Well, I’ll give you four good reasons.
Let’s say you write a free white paper that can help solve a problem, or respond to questions at Answers.com, or give a free health assessment at a train station. You are meeting people and making connections. Granted, most of them will go nowhere, and that’s OK, if you begin to connect with 2 – 3 % of those who accept your offer, you will soon find that you know a whole bunch of people who are interested in you and your talents. You would not have met them if they would have had payed for something, since they didn’t know you and the risk was high. By giving stuff away you reduce their risk to almost nothing and more people will take you up on it.
One of the best ways to gain experience, especially in a new and untried area, is to give it away. Again, there’s no risk. A company might not be willing to offer you a big salary to come and sell for them, but a church or PTA fundraising committee would be overjoyed if you volunteered to help them. Now you’re gaining experience, getting better at the thing you want to do and creating stories that demonstrate your success to people who will now consider taking a risk.
When I was still getting certified as a coach, I began volunteering at the Career Transition Center of Chicago, with a little training, a lot of raw talent, and a willingness to work for free. 200+ clients later, it has been a wonderful use of my time, and it has led to paying gigs.
Don’t underestimate this. It feels great to do something you really enjoy and have people appreciate it, even if you’re not getting paid. You’re doing “Your Thing,” that will make you feel strong (if it doesn’t, it might not be “Your Thing”), Important point here; don’t just do something because you have to and do it begrudgingly. Do something you love to do, and your joy and passion will attract attention. If you like to write, write a white paper or a blog. If you hate writing, do something else, like create websites or read to sick kids or talk about a favorite topic at a professional association.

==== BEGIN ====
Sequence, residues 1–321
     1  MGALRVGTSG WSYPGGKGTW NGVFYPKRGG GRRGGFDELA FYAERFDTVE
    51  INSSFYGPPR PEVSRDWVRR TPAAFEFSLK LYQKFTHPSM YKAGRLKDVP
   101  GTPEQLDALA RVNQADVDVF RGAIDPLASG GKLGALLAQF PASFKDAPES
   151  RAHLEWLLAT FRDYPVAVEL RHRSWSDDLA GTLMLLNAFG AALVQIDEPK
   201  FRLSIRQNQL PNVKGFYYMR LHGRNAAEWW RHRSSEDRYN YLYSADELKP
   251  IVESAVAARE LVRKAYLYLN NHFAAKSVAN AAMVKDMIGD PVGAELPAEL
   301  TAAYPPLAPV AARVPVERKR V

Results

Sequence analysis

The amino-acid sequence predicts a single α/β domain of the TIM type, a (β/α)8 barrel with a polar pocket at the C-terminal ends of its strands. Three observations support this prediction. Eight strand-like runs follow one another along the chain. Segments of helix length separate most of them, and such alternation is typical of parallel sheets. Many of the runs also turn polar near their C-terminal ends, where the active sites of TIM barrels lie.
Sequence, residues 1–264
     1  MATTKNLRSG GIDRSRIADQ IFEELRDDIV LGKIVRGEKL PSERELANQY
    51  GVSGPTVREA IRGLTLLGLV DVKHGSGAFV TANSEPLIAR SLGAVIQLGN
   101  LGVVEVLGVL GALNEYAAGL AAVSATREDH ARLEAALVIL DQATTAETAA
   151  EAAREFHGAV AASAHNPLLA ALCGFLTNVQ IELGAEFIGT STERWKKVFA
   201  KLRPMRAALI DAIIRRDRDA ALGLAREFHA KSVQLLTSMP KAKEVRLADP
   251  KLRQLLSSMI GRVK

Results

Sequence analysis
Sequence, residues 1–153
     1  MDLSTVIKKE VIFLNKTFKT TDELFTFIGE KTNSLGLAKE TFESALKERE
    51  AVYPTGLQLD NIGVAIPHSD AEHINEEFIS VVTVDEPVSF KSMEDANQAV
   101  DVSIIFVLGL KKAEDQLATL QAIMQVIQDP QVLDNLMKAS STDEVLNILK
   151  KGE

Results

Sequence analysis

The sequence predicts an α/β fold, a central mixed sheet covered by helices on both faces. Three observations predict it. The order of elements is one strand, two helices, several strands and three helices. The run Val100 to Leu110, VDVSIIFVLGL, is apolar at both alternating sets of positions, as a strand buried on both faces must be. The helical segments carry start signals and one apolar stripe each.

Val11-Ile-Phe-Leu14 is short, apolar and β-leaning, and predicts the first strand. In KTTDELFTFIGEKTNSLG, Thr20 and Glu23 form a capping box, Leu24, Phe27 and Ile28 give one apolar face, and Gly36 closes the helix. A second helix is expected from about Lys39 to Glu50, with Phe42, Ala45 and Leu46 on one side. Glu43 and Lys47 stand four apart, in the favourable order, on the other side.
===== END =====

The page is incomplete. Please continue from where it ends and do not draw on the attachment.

You are investing in the “Good Karma Market”, which always pays out in the long run when something is offered with joy and love. It doesn’t always pay out the way you expect, or on the schedule you would like, but it never fails. That’s not to say you should give in order to get. You should give and trust that you will get what matters. It’s a subtle distinction, yet crucial.
To sum up, give because you:
I heard a story (I wish I could remember where) that most people stand in front of the fireplace and say to the fire, “I’ll give you more wood when you start giving off more warmth.” We laugh, but that is the approach many of us take to our careers and lives. Some people, on finding the fire burning hotter by sheer luck, don’t even put more wood in at that point, yet we find ourselves surprised when our career is nothing but ash.
Don’t be this person. If you put in more wood first, the fire will give off more warmth. Give and give. You will surely receive.
(Photo credit: The open hands of woman via Shutterstock)
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